No Name-Calling Week

“Loser.” “Dork.” “Sissy.”

These words aim to hurt and most children say them because they think it makes them look cool in front of others.

Think back to when you were in school – were you called names by your classmates that made you feel bad about yourself? Some kids are taunted for things such as being too quiet, having red hair, being too tall or too short, or because they make all A’s. Verbal abuse can leave kids feeling insecure and rejected.

In honor of No Name-Calling Week, Jan. 23-27, 2012, Hubbard House would like to encourage all parents to talk to their children about how their words can hurt others.

No Name-Calling Week was inspired by “The Misfits,” a young adult novel by James Howe. Four friends in the seventh grade were the victims of verbal abuse because of their weight, height, intelligence, and sexual orientation/gender expression. The friends created a political party during student council election and aimed at ending name-calling of all kinds. In the end, the friends win the support of the school’s principal and their idea for a No Name-Calling Day.

Using this book as a motivator, No Name-Calling Week was created by GLSEN and Simon & Schuster Children’s publishing. The week was promoted to schools across the nation. No Name-Calling Week seeks to focus national attention on the problems with name-calling, and to provide students with the tools and inspiration to eliminate name-calling, bullying and harassment in their communities.

As a parent, you can do your part by remembering that you are your child’s role model – your children learn from your behaviors. Promoting no name-calling at home will help keep your children from becoming a bully. You can help by doing the following:

  • Be a good role model. Don’t call people names. Say you disapprove when you hear someone putting down another person.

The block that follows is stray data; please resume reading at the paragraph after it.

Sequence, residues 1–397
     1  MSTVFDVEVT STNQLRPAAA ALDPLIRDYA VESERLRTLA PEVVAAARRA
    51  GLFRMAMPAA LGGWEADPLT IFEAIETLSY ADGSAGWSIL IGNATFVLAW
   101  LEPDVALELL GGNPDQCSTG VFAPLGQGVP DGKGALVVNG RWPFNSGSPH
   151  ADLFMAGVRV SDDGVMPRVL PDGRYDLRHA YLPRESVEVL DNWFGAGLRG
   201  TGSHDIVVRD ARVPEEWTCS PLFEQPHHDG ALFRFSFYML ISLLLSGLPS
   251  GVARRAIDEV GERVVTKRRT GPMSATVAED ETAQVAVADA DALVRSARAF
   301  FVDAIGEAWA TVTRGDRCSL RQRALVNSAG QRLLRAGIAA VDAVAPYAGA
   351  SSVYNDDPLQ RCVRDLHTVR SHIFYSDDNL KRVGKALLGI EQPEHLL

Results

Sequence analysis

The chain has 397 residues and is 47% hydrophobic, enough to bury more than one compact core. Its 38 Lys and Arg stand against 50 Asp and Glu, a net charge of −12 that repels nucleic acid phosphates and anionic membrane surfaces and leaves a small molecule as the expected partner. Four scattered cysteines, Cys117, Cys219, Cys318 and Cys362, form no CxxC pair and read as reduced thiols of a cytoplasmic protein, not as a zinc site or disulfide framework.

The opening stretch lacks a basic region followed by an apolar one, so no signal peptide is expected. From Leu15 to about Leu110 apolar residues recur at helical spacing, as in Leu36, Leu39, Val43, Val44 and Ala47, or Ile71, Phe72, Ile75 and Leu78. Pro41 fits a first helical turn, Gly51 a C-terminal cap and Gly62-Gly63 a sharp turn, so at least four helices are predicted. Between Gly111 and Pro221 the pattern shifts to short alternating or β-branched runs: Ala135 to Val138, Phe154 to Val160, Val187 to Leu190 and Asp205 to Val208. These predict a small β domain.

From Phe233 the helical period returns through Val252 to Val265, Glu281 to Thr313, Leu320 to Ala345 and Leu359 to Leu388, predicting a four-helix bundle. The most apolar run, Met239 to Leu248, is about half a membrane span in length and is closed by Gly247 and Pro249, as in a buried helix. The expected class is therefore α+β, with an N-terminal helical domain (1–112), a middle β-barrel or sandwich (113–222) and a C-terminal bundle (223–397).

• Voice your disappointment if your child has taunted someone. Make them apologize.
  • Express your concern if your child has been taunted. Help by reflecting on why kids do this. And talk about ways of coping.
  • Teach that name-calling hurts everyone. Doing it—or tolerating it—undercuts our integrity and humanity.
  • Foster empathy. Always encourage your child to think how it might feel to be in another’s shoe.

Information was received from No Name-Calling Week, www.namecallingweek.org and Teach Empathy to Eliminate Name-Calling, www.schoolfamily.com.

For more information on No Name-Calling Week or how to start a No Name-Calling Week program in your school, visit www.namecallingweek.org.

If you or someone you know is in an abusive relationship please call the Hubbard House hotline at (904) 354-3114 or (800) 500-1119. Hubbard House can help.

ABOUT HUBBARD HOUSE: Founded as the first domestic violence shelter in Florida in 1976, Hubbard House is a certified, comprehensive domestic violence center providing programs and services to more than 6,000 women, children, and men annually in Duval and Baker counties. While Hubbard House is most known for its emergency shelter, the agency also provides extensive adult and youth outreach services, school-based education, therapeutic childcare, batterers’ intervention programs, court advocacy and volunteer and community education opportunities. Visit www.hubbardhouse.org to learn more.

By Lindsay Van-Zant